The Indian real estate sector is one of the fastest growing and globally recognised sectors. It comprises four sub sectors-housing, retail, hospitality, and commercial. The real estate industry's growth is linked to developments in the retail, hospitality and entertainment (hotels, resorts, cinema theatres) industries, economic services (hospitals, schools) and information technology (IT)-enabled services (like call centres) etc and vice versa. The total realty market in the country is expected to touch US$ 180 billion by 2020.
India ranks third for the most LEED (Leadership in Energy and Environmental Design)-certified space globally, with nearly 12 million sq m. The LEED system is the most widely used rating system guiding the design, construction, operations and maintenance of green buildings.
Private equity (PE) funding has picked up in the last one year due to attractive valuations and low level of bank funding to the sector. Delhi NCR alone has already attracted PE investments of Rs 80 crore (US$ 13.22 million) in first quarter of 2014.Moreover, with the government trying to introduce developer and buyer friendly policies, the outlook for the real estate sector in 2014 looks promising.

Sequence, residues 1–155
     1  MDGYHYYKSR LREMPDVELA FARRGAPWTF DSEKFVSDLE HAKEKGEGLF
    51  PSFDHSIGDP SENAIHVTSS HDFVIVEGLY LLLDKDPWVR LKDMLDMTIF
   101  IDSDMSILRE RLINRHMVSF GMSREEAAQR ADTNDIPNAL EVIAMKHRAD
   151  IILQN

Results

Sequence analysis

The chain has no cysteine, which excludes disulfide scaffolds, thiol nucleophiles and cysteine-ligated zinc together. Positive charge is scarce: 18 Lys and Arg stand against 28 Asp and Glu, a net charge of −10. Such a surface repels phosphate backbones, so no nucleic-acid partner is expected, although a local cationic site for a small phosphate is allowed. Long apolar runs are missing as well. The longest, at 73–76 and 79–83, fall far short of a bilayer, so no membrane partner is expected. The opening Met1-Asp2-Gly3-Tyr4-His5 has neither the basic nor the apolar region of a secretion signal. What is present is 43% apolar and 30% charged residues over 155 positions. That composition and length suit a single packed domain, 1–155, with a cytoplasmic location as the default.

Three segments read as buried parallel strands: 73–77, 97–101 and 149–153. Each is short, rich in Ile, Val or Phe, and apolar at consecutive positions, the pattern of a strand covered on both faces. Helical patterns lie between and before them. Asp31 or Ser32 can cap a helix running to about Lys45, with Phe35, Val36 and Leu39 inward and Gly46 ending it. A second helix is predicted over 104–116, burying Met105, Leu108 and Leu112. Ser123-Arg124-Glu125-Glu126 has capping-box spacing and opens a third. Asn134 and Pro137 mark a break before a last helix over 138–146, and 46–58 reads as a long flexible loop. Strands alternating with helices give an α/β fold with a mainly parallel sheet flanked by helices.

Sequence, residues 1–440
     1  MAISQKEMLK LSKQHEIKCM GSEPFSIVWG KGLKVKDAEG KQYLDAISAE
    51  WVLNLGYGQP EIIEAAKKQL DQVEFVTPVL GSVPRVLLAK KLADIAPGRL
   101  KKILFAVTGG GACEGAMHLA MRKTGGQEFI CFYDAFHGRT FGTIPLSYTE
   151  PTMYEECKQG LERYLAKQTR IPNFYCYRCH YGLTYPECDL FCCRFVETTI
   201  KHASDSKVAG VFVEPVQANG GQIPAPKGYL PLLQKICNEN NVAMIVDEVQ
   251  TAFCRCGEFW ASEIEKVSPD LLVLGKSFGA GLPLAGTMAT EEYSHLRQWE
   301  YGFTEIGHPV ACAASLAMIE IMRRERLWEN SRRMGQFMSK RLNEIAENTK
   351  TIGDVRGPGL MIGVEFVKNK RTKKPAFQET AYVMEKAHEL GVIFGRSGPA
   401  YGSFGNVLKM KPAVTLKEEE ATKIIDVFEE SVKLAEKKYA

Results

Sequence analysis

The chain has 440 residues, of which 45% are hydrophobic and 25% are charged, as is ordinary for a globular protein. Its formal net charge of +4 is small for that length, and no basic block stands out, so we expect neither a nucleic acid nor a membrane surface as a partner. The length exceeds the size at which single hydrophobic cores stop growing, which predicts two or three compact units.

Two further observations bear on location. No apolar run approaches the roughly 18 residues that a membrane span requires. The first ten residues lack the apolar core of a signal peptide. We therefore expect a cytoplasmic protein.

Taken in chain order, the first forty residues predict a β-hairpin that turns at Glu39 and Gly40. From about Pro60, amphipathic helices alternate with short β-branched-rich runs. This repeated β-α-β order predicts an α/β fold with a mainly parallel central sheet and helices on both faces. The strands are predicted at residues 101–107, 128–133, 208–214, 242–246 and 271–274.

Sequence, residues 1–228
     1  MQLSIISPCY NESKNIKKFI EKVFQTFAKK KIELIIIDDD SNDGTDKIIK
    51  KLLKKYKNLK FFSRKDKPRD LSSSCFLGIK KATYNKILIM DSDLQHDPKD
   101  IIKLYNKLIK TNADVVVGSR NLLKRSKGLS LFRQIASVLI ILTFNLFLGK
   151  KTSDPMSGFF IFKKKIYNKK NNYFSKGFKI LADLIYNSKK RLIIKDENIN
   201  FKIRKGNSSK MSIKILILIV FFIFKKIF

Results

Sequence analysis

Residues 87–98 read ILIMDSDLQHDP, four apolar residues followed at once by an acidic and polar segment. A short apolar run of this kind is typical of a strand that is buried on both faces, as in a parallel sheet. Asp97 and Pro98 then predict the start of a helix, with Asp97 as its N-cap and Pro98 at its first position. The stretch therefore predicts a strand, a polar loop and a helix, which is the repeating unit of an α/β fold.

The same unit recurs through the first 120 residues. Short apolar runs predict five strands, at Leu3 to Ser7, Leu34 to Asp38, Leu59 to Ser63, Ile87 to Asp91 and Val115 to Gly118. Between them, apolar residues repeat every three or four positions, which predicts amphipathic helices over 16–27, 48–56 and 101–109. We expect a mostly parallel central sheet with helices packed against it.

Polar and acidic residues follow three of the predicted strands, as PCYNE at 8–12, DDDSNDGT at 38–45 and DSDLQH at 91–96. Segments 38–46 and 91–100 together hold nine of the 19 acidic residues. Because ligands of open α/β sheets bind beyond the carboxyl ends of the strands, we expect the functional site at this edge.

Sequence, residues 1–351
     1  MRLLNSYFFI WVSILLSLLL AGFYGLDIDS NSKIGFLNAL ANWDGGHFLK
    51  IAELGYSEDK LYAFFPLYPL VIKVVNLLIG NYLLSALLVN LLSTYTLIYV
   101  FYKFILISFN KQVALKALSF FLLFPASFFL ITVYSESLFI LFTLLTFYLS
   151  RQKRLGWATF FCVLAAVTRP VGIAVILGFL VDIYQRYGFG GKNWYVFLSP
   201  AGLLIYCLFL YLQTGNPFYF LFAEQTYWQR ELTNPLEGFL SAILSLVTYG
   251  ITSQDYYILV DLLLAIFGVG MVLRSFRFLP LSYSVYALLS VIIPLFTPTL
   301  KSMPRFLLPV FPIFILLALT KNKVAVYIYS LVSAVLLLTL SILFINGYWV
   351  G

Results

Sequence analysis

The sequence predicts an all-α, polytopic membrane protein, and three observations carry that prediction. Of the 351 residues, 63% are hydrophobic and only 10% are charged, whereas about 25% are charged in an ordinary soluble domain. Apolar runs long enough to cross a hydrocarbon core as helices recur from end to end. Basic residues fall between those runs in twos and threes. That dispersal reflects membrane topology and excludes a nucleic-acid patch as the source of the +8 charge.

The residential segment of real estate has also seen tremendous growth in recent years owing to the continuous growth in population, migration towards urban areas, ample job opportunities in service sectors, growing income levels, rise in nuclear families and easy availability of finance.
In the residential segment, the number of new launches in the first quarter of 2014 has increased by 43 per cent at 55,000 units across eight major cities. The Indian Green Building Council (IGBC) has joined hands with the US Green Building Council (USGBC) to strengthen their association for the next 10 years to focus on areas of knowledge exchange and work on the green building movement in India.
Over the last two quarters, the residential property market in South Delhi has shown only marginal appreciation in capital values and rentals. This could have more to do with the recent upward revision in circle rates in various zones than anything else.
Supply and demand dynamics in South Delhi have been more or less constant, and the revision in circle rates has resulted in larger cheque amounts and lower potential for offloading cash in real estate transactions. This has, in fact, acted as a check on the anticipated price appreciation in South Delhi.